Sascha turned the page, but there was no more to the story. She didn’t say anything. Then he told Sascha the rest of the story which he was afraid to share with her. He had deliberately not written this part which he was going to narrating to her now. He told her about the crying baby, wrapped in a blanket and how the blanket was covered with shards of stained glass. He told her that he got to the bottom of the stairs and saw the screaming woman holding the crying baby. And it took him a moment, but then he got it—the baby had been sleeping by the stained-glass door he kicked open, and when he ran in he just missed stepping on it. The pieces of glass had pierced into the soft skin of the baby. Blood, baby, cries, screams – although and even though he had thought of it dozens of times, he always felt as if it was happening just now, and it was haunting him. Habituation, as explained by the group leader repeatedly was not helping. He was still not a monster, but a human being with soul and heart alive. What happened then asked Sascha. The lieutenant said to them, “This is the wrong fking house.” “The wrong fking house,” Nic said to Sascha. “One of the things I want to remember is how many times we hit the wrong house.”

“So how has this taken a toll on your marriage?” a counsellor asked Nic a few hours later, as Sascha sat next to him. “I’m afraid to tell her stuff,” Nic said, breaking down. “I don’t want to tell her about the dreams I have. I don’t want to tell her about the nightmares I have. I don’t want her to know that her husband, the person she married, has nightmares about killing people. It just makes me feel like a monster.”  “I know it’s not my fault,” Nic said. Then, crying harder.

Two weeks later, released from Haven Behavioral, Nic boarded a plane and made one last entry in his journal. And then he was home with Sascha, who now knew about one day of the war. Four hundred more to go.

Coming back to Kashmir, forced me to think, how many of the Indian soldiers who committed suicide since last 30 years were stationed in Kashmir. Had anyone of them felt guilty like John or Nic did, or were afraid to share their horror stories with their family and kids like Nic was. How many of them would have shared the similar stories as shared by the veterans at the Haven Behavioral War Heroes Hospital, during the smoking breaks. For instance, whether any of the Indian soldiers, police and other paramilitary forces personnel:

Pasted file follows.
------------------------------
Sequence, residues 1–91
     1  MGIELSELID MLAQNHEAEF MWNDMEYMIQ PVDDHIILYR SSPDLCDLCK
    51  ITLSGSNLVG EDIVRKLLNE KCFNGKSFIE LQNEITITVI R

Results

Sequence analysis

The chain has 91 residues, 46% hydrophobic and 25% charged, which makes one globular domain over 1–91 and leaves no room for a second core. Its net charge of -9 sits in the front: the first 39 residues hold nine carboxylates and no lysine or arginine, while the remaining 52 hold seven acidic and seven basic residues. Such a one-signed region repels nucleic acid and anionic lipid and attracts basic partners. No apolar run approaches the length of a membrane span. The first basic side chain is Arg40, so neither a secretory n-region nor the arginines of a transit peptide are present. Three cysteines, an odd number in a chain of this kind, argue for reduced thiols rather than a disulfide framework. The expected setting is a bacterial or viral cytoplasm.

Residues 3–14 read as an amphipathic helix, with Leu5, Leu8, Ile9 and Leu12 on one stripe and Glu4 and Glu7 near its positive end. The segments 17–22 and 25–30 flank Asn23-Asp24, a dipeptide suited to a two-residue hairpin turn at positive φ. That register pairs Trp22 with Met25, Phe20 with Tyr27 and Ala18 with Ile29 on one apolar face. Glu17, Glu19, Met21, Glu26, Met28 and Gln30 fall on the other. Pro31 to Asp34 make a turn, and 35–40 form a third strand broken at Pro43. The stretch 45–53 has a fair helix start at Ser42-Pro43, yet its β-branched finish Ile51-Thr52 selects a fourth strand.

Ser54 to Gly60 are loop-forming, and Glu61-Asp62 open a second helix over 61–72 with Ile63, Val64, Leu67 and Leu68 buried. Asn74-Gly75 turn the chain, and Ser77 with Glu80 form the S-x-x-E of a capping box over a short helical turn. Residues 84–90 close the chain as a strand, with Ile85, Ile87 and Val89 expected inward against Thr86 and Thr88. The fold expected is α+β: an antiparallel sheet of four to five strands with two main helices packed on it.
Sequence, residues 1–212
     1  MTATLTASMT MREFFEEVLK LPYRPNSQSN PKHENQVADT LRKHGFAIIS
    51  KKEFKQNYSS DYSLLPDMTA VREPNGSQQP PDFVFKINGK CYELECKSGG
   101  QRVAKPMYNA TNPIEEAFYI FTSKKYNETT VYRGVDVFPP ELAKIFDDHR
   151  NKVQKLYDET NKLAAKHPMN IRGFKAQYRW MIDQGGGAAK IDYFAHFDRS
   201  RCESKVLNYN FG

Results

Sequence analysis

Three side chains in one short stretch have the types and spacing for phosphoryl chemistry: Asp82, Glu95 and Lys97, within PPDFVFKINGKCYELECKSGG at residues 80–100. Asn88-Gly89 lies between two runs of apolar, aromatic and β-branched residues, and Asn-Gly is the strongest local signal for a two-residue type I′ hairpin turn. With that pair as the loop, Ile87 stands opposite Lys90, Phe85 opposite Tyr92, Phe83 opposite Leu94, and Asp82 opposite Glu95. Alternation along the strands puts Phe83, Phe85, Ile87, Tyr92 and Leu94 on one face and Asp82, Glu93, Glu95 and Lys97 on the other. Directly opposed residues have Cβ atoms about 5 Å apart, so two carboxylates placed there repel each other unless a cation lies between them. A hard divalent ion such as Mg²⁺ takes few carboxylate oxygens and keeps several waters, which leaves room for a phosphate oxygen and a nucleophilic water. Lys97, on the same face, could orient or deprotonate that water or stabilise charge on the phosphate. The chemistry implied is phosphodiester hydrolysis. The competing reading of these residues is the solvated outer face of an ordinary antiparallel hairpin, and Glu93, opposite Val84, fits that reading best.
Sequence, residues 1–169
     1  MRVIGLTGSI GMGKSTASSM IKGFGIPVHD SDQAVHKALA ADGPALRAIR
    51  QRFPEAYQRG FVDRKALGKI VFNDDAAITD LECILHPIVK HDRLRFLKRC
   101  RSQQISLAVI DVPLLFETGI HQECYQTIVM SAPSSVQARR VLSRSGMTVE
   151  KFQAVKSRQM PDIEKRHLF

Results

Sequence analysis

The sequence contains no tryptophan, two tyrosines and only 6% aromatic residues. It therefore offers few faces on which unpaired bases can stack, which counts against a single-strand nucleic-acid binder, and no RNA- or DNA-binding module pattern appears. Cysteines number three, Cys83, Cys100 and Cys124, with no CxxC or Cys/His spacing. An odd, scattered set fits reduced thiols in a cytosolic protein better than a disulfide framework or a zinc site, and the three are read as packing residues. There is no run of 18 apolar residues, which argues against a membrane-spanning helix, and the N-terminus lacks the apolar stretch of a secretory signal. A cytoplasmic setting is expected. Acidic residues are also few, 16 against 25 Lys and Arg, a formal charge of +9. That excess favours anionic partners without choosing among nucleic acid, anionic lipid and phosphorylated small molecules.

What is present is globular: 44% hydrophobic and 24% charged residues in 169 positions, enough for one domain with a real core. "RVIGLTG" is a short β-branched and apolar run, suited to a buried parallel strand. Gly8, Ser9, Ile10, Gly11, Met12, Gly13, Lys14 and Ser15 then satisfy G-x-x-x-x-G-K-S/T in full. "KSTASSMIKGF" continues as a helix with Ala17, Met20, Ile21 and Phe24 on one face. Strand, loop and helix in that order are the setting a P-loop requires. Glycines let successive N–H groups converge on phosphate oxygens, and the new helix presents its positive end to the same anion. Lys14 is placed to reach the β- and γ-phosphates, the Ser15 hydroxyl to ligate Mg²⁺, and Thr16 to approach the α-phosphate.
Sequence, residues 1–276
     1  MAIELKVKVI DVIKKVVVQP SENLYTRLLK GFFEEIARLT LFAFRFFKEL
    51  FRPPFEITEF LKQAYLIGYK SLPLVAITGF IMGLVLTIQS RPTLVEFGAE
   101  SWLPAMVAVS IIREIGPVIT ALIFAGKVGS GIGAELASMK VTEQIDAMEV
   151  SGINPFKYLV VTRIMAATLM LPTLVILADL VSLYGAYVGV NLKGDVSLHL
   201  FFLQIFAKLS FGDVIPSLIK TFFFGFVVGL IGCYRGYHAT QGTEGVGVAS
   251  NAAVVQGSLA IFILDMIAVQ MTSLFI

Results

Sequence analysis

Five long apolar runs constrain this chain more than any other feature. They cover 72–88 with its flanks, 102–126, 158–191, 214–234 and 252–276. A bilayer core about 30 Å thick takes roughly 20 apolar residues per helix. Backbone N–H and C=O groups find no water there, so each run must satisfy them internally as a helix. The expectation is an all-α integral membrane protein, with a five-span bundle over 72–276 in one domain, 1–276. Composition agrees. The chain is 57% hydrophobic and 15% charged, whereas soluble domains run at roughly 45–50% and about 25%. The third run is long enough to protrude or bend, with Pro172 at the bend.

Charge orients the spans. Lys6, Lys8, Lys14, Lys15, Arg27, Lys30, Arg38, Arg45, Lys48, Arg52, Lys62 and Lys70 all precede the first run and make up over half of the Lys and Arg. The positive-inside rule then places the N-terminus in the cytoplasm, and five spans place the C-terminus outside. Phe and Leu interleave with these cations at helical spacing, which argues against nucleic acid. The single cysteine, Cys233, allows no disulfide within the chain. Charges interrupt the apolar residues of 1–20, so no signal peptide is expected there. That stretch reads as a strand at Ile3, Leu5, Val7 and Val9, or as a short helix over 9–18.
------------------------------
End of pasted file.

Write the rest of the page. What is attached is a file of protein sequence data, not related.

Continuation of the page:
1—who in June 1995, had abducted our neighbour, a government  employee, along with two other men and butchered them, their heads and limbs were separated from their bodies.

2—who killed 33 people on 1 March 1990 in  Zukoora And Tengpora Massacre.

3—who on 22 October 1993 killed 51 civilians and injured 200 in Bijbehara.

4—who on 6 January 1993, killed 55 civilians, burnt down 400 shops and 57 houses in Sopore.

5—who on 27 January 1994 killed 27 civilians in Kupwara.                                                                                   

6— who on February 23, 1991, the twin villages of Kunan and Poshpora, located in Kashmir’s remote Kupwara District, removed men of all ages into makeshift interrogation centers and tortured them and gang-raped dozens of women (aged 8-70). And thousands of such incidents.                    

7—who on  March 25, 2000, killed five poor labors at Pathribal, in Anantnag in a fake encounter, their bodies mauled, decapitated, and then burned to eliminate all vestiges of their identity.           

8— who in 2008, 2010 and 2016 killed, injured and blinded thousands of Kashmiri civilians           

9-who on 12 May 2020 destroyed and damaged the property and brutalized the people of Budgam, tied them to trees, and killed a 22-year old youth on a lame excuse of crossing a barricade.

10—who blinded 19-Month old Heeba, the Youngest Victim of Kashmir’s Pellet Horror.